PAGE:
I leave Dr. Dy's office feeling excited that there may be treatment options for me other than chemotherapy or a clinical trial. I have kept in touch with Philip by phone during the past year, and welcome his input. He is an expert on breast cancer and pain management. I feel fortunate to have so many skilled physicians working with me. Some folks may feel confused by having several different medical opinions, but I appreciate having a variety of information to weigh and consider.

July 1, 1999: Today, we are visiting Ben's parents and aunt in Philadelphia. His parents are doing fine and still live in the same house where Ben grew up. They recently had to give up their car and driving privileges, but they have worked out an arrangement with a live-in lady who drives them on errands as needed. They also have assistance with cleaning and upkeep of the property as well as a bookkeeper who manages financial details. Though it took some time to adapt to these changes, his parents have the comfort of living in their own home and can continue to enjoy their church and neighborhood activities.

Ben's Aunt Libbs is 92 and lives in an assisted living facility. She has severe osteoporosis and recently broke her collarbone in a fall. She is now recovering in the facility's health center and we stopped by to visit her. Poor Libbs is heavily sedated due to the pain from her fracture and extensive bone deterioration. I am not sure she knew who we were, not because of senility, but because of the fog from the painkillers. She told us that everything looked fuzzy. She kept up a running conversation and asked us a lot of questions. Sitting there in her recliner chair, she looked like a small frail young girl innocently asking questions. I'm not sure why this impression came to me. This may be the last time I see Libbs. If it is, I will like remembering her as this little girl. I shouldn't say things like "seeing someone for the last time". I bet plenty of people have said that about me.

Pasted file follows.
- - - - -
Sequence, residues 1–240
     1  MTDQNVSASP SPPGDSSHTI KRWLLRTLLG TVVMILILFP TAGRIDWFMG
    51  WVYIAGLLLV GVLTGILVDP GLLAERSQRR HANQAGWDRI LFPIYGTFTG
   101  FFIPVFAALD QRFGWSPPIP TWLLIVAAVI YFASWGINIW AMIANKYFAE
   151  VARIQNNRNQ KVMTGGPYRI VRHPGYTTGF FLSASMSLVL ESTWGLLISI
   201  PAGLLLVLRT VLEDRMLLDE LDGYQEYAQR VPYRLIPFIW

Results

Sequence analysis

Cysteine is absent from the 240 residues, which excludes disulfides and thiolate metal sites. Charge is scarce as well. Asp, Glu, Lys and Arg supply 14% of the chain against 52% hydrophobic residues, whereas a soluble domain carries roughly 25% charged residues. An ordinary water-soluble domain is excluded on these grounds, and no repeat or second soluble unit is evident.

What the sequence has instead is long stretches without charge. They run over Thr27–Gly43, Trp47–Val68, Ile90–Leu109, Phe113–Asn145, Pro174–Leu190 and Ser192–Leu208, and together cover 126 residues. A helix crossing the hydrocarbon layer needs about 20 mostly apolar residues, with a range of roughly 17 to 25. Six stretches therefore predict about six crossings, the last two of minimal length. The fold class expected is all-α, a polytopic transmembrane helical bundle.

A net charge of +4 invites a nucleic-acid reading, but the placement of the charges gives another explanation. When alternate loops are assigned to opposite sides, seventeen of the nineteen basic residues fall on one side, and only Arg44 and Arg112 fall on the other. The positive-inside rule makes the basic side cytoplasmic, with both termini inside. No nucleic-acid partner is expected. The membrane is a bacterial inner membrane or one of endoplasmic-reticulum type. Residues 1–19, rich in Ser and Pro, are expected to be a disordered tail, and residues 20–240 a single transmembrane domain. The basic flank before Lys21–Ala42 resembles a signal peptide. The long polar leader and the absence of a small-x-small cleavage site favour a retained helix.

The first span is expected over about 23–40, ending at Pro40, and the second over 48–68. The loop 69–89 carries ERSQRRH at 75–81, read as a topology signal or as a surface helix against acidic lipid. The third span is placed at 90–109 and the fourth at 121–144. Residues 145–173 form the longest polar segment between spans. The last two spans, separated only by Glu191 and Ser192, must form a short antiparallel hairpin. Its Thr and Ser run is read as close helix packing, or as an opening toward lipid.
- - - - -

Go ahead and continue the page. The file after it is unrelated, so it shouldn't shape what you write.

After leaving Libbs, we drive a few towns over to visit with our friend Steve who has lung cancer. Steve and his wife, Terry, were supposed to visit us in Maine next week, however, Steve is having medical problems and canceled the trip. Steve recently had a morphine pump implanted in his side. The pump, the size and shape of a hockey puck, administers morphine in small doses to control his bone pain. Like me, Steve's cancer has metastasized to his bones. It has affected his spine and hips, making walking painful. The doctors are currently fine-tuning and regulating his morphine pump. He is still having pain, so more adjustments need to be made. I tell Steve not to despair. I suggest they visit us later this summer or Fall, once his pump is working properly. These computerized pump devices can work wonders, but frequently they need a month or two of fine-tuning to fit the individual's needs. I leave Steve's house thinking that he, Libbs and I have become experts on bone pain.